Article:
What to expect when a mourning dove is expecting on your door wreath

DEAR JOAN: I have this lovely mourning dove that has built a nest on the wreath on my front porch.

I try not to go out the door unless I absolutely have to. I’m sure she will have babies, but I have no idea how long that takes and how long they will be there before the babies are ready to fly.

I would appreciate any info you could give me.

Pat Eich, Walnut Creek

DEAR PAT: The beautiful items we find to festoon our front doors can be too great a temptation for some birds.

Mourning doves generally lay two eggs, and once they start sitting on them, it takes about 14 days for the squabs to hatch. The squabs then will spend 12 to 15 days in the nest, so all in all, you’re looking at around a month.

Now here’s the bad news — for easy access through your front door, that is. Mourning doves can have up to six broods a season, and if they like where the nest is located, they often return once the babies have fledged and immediately start another family.

Once you’re sure the nest is empty, you’ll need to quickly take down your wreath to avoid another month of not using your door, which, by the way, thank you for being considerate to the doves.

DEAR JOAN: We have a tall Italian cypress in our yard that the raccoons are using and making quite a racket and mess. They can be heard and seen bickering with each other in the tree and may be even fighting during early evening hours.

Our redwood tree seems to be a popular spot for raccoon pooping. Any suggestions that might discourage these raccoons?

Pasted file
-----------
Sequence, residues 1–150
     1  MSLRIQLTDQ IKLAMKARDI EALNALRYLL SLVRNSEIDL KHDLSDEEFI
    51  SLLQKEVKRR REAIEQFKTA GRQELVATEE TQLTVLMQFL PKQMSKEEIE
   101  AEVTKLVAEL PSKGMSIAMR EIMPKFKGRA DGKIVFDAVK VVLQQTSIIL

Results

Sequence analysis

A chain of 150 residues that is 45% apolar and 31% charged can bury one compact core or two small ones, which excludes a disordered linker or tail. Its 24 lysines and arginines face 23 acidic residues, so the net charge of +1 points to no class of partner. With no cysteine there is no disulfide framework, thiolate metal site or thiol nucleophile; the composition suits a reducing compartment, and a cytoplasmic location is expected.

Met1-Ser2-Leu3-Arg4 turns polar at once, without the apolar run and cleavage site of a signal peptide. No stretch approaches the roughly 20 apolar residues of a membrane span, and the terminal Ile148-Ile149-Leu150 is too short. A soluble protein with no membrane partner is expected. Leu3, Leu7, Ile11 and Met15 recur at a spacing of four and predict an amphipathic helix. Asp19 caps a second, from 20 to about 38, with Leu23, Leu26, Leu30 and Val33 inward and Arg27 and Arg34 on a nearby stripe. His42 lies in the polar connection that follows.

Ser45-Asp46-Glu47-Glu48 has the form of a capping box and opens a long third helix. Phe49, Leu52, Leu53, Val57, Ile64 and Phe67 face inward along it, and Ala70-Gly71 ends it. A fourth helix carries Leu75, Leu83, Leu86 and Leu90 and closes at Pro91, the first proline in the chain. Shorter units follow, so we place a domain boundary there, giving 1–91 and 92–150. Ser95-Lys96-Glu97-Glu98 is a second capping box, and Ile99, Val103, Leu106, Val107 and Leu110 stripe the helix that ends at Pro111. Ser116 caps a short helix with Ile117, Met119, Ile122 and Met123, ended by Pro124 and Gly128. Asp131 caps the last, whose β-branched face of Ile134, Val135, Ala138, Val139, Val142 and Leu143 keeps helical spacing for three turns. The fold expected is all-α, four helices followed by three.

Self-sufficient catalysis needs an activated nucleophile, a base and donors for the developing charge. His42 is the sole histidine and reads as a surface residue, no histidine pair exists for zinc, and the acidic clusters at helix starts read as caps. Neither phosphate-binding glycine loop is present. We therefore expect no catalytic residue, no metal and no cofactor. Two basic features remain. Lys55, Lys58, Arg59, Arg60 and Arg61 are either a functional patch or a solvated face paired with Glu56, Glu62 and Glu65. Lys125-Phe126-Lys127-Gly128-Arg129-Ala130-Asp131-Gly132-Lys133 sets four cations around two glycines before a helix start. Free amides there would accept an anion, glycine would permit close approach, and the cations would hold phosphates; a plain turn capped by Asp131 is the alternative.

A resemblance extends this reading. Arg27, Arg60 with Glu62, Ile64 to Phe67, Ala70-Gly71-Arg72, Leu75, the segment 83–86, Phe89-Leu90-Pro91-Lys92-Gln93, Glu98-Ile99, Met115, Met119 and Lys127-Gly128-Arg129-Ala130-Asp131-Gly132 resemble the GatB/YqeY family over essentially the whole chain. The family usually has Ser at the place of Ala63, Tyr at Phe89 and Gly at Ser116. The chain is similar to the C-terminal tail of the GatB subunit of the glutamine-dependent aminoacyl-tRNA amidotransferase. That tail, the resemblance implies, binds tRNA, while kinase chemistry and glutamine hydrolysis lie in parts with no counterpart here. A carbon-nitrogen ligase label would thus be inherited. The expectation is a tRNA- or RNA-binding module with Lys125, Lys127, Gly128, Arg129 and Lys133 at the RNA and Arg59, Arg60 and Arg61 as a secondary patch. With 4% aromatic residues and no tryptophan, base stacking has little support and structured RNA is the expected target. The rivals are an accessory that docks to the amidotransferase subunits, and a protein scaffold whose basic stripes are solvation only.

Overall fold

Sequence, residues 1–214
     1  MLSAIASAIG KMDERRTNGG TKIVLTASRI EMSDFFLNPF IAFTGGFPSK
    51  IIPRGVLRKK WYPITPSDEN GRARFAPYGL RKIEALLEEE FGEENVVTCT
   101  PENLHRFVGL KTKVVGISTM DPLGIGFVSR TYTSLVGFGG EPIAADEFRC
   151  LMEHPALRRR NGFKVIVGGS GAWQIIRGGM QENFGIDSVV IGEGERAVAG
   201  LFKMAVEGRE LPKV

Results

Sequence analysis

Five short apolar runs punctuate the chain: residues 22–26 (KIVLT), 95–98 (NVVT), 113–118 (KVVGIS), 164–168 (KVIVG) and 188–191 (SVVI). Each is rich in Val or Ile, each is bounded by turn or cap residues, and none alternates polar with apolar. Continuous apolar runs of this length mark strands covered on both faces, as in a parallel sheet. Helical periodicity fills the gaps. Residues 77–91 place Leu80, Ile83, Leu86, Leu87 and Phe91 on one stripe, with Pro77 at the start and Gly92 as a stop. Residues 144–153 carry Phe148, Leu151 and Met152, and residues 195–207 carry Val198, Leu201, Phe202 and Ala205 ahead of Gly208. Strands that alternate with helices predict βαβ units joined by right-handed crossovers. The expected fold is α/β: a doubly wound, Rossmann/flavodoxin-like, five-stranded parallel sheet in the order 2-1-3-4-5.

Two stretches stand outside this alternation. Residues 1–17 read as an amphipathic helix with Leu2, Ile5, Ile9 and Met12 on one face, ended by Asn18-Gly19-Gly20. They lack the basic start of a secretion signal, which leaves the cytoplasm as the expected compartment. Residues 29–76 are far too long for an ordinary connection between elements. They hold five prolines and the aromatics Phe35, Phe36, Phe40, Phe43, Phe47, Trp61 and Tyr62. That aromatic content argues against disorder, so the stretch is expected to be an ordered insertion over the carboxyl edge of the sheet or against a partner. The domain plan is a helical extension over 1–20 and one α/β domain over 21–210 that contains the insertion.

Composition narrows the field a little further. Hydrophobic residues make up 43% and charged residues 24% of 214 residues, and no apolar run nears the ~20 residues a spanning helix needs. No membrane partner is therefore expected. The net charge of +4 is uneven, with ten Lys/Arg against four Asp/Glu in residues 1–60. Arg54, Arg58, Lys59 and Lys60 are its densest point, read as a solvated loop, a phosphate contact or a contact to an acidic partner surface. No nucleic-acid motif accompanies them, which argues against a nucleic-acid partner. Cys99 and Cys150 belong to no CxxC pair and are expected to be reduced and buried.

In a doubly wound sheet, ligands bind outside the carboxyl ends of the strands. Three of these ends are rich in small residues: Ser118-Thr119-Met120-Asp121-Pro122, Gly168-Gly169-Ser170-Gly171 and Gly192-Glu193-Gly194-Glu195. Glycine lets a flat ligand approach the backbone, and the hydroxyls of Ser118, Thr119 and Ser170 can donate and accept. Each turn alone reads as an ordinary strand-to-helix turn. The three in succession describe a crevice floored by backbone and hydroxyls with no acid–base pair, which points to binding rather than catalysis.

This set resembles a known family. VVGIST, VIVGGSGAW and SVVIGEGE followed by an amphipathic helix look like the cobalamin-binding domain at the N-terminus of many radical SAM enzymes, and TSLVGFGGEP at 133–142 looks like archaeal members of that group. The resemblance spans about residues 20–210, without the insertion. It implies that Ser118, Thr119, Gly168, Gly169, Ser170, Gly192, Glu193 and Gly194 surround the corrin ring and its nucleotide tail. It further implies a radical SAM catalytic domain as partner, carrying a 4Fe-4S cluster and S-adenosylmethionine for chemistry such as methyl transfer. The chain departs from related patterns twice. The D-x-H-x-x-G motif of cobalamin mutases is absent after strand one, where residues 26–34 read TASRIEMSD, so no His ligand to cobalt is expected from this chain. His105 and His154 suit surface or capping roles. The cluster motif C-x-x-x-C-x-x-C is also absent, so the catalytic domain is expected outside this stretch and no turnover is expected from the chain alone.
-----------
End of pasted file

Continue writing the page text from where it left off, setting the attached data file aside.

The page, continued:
Rick Costanzo, Campbell

DEAR RICK: That might not be fighting you’re hearing, but let’s just move on, shall we?

If your tree is freestanding with nothing nearby, you might be able to stop the raccoons from climbing in it by wrapping some metal flashing around the trunk. To make the collar for the tree, measure its girth and add 3 inches — you don’t want the collar to fit so tightly that you harm the tree. The metal should be 36 inches high. Install the collar on the tree 4 feet from the ground.

The smoothness of the metal will prevent the raccoons from climbing, and by putting it up high, they won’t be able to jump over the barrier and continue their climb. If you have trees nearby, you’ll need to wrap their trunks, too.

Perhaps the best way to stop the raccoons from using the redwood as a latrine is to invest in a particular device that is designed to scare animals away. There are many brands on the market and they all operate on the same principle. They have red glowing or flashing lights that, to the animal you’re trying to scare off, appear to be the eyes of a predator.

The devices are rather inexpensive (most are $25 or less) and combined with other efforts, such as the tree collar and removing food and water attractions, they should help keep raccoons and other bothersome animals out of your yard. Readers, if you’ve tried them, let me know how they’ve worked for you.

Before doing anything, however, make sure the raccoons don’t have youngsters in the tree. If they do, you’ll need to wait until they are old enough to leave the tree on their own.

Source: mercurynews
What to expect when a mourning dove is expecting on your door wreath